Practice Relating to Rule 4. Definition of Armed Forces
New Zealand’s Military Manual (1992) states:
The armed forces of a party to the conflict comprise all organized armed forces, groups and units which are under a command responsible to that party, even if the latter is represented by a government or authority not recognized by the adverse Party. This requirement of organization and responsibility extends to national liberation movements and their forces. All such forces must be subject to an internal disciplinary system which is required to enforce adherence to the rules of international law relating to armed conflict.
New Zealand’s Military Manual (1992) states: “If a Party to a conflict incorporates paramilitary or armed law enforcement agencies into its armed forces it must inform other parties to the conflict of this fact, so that such forces may be acknowledged as lawful combatants.”
The manual provides two examples of paramilitary agencies incorporated into the armed forces of a State, namely “the Special Auxiliary Force attached to Bishop Muzorewa’s United African National Congress in Zimbabwe and which was embodied into the national army after the Bishop became Prime Minister [and] India’s Border Security Force in Assam”.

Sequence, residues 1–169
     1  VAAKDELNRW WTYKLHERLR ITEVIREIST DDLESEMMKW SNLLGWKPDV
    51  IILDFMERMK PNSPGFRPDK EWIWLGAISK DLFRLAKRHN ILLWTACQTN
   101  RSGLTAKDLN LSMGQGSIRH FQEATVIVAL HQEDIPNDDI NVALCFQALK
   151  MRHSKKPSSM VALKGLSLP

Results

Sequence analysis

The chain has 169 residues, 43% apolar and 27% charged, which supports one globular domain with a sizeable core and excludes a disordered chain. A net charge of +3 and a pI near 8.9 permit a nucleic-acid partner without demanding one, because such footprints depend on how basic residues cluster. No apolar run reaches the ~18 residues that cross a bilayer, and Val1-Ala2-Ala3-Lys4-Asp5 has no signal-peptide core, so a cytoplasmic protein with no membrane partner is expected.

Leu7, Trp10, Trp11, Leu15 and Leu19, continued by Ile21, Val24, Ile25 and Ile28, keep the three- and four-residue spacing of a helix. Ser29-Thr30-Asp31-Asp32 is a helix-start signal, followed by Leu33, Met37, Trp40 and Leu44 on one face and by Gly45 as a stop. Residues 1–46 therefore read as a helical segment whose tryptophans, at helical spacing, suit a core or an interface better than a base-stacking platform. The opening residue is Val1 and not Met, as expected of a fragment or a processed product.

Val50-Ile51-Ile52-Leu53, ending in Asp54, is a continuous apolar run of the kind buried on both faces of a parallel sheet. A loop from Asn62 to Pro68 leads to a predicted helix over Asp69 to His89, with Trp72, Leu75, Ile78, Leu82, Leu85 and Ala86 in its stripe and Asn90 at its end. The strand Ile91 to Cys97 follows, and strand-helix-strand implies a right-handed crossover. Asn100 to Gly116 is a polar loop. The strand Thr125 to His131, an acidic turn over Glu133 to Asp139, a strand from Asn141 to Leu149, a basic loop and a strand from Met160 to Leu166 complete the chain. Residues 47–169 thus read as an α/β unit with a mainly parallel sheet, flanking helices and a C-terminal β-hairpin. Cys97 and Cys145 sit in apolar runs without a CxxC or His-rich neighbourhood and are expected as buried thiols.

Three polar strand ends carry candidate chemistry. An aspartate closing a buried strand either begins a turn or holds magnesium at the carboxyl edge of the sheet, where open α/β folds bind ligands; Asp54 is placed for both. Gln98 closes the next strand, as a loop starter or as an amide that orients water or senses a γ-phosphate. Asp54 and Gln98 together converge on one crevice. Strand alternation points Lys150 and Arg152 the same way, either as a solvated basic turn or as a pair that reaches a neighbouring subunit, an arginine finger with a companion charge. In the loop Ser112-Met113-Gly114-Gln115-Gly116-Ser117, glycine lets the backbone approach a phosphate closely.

The manual also provides an example of an armed law enforcement agency incorporated into the armed forces of a State, namely:
At the time of the outbreak of World War II, the Burma Frontier Force was serving as a police force under authority of the Burma Frontier Force Act; after the fall of Burma, the Burmese Government in exile in Simla, India, passed legislation making the Force part of the Burmese Army and subject to the Burma Army Act.